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boxrick

C++ Parent Class accessing Child functions, possible?

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This is probably terrible design and totally pointless but is the following possible: I have an instance of a class lets call it "Parent" and "Child" is the child of "Parent". Is it possible for "Parent" to access "Child" member functions, if so then how? If i shouldn't be using this method what would be a better implementation~?

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Quote:
Original post by boxrick
I have an instance of a class lets call it "Parent" and "Child" is the child of "Parent". Is it possible for "Parent" to access "Child" member functions, if so then how?


Yes, you can; through questionable trickery of down-casting. This generally suggests that the overall design is flawed somewhere.

Quote:

If i shouldn't be using this method what would be a better implementation~?


Design it so that you fall on a virtual method instead:


#include <iostream>
#include <cstdlib>

using namespace std;

class A {
public:
virtual ~A() {
}

virtual void DoStuffImpl() = 0;
virtual void Foobar() = 0;

void DoStuff() {
cout << "In A::DoStuff() .. ";
if ( rand()%2 )
this->DoStuffImpl();
else
this->Foobar();
}
};

class B : public A {
public:
void DoStuffImpl() {
cout << "A::DoStuffImpl()\n";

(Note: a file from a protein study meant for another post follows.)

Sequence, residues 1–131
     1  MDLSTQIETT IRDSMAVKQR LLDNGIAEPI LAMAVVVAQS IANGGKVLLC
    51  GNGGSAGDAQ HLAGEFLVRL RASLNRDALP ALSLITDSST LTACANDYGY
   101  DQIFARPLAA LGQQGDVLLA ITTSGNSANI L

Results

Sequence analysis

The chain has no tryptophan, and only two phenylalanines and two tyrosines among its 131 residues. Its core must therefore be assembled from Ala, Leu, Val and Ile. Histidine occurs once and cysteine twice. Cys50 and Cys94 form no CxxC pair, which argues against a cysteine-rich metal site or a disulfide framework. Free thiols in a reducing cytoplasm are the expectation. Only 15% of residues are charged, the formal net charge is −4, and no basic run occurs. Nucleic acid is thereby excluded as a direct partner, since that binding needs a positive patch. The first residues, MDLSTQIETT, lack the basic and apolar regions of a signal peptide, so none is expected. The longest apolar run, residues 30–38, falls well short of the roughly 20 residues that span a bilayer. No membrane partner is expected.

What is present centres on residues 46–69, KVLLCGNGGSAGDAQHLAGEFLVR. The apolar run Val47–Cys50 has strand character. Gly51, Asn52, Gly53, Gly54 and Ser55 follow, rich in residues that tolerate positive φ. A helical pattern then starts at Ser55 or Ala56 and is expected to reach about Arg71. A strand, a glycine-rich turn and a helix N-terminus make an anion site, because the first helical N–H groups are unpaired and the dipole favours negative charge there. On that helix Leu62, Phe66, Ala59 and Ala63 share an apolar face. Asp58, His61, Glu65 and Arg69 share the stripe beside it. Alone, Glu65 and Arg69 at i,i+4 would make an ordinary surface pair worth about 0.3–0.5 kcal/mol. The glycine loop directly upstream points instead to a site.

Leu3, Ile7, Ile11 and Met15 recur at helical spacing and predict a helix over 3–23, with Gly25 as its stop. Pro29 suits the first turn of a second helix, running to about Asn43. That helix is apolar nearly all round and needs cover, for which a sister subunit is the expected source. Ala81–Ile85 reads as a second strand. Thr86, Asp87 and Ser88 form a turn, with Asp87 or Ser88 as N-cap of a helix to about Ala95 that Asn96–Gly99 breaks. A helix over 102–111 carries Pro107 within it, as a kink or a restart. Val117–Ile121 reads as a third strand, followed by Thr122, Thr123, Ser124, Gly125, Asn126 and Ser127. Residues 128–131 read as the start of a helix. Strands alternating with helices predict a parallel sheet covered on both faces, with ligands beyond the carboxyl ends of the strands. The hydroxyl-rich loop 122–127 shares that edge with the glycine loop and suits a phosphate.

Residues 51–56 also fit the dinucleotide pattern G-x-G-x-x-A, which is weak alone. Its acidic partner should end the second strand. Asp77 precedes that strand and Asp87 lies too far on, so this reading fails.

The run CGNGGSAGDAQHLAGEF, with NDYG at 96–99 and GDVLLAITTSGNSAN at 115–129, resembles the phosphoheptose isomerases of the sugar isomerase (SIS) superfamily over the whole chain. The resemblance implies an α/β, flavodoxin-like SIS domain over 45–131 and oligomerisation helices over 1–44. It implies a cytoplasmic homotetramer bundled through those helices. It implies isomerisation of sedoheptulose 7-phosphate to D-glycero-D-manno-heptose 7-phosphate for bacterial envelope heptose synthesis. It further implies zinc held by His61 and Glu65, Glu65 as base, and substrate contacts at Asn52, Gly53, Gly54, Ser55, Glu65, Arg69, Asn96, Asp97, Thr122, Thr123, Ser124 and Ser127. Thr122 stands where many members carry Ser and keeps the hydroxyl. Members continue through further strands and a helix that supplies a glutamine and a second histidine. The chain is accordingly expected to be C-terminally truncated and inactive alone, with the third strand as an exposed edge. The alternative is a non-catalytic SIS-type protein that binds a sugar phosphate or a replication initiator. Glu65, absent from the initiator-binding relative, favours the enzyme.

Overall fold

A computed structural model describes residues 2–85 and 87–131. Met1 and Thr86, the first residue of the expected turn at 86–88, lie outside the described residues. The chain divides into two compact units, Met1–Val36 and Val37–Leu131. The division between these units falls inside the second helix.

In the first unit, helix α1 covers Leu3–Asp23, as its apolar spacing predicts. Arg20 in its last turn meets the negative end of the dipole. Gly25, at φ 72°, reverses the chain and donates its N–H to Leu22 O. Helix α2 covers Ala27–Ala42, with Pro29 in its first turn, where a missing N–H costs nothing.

}

void Foobar() {
cout << "A::Foobar()\n";
}
};

class C : public A {
public:
void DoStuffImpl() {
cout << "B::DoStuffImpl()\n";
}

void Foobar() {
cout << "B::Foobar()\n";
}
};

int main() {
B b;
C c;

A* as[] = { &b, &c };

for ( unsigned i = 0; i < 2; ++i )
as->DoStuff();
}




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It sounds like you want virtual functions:


class Parent
{
virtual void Foo()
{
cout << "Parent::Foo()";
}

void Bar()
{
Foo();
}
};

class Child
{
virtual void Foo()
{
//Parent::Foo();

cout << "Child::Foo()";
}
};

int main(int argc, char** argv)
{
Child* c = new Child();
c->Bar();
}



will output

Child::Foo()

If you uncomment the the commented line, it will output

Parent::Foo()
Child::Foo()

Basically, Parent has access to a function implemented in a child class.

If you're using some different definition of parent/child then the answer might be different, but this is how I interpreted your question.

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But if i use the above then you can never create an instance of the parent ? It is simply there to be inherited from?

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Provide a definition for the pure virtual functions.

Change:

virtual void DoStuffImpl() = 0;
virtual void Foobar() = 0;



To:


virtual void DoStuffImpl() { }
virtual void Foobar() { }

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Quote:
Original post by boxrick
But if i use the above then you can never create an instance of the parent ? It is simply there to be inherited from?


You can create instances of the parent. If your virtual function has =0 at the end of it then you can't. For example:


class Parent
{
public:
virtual void Foo() = 0;
};



Now you can't create an instance of Parent. But in the example I gave above you can. Which function gets called at runtime depends on what type you created.

If you created an instance of Parent, Parent::Foo() will be invoked. If you created an instance of Child, Child::Foo() will be invoked. If you create an instance of Child, but in the definition of Child you didn't provide a new definition for the function Foo(), then Parent::Foo() will be invoked.

Basically, the function invoked is that of the MOST DERIVED class which provides an implementation.

If you want to do something more specialized than that, then it's probably a bad design.

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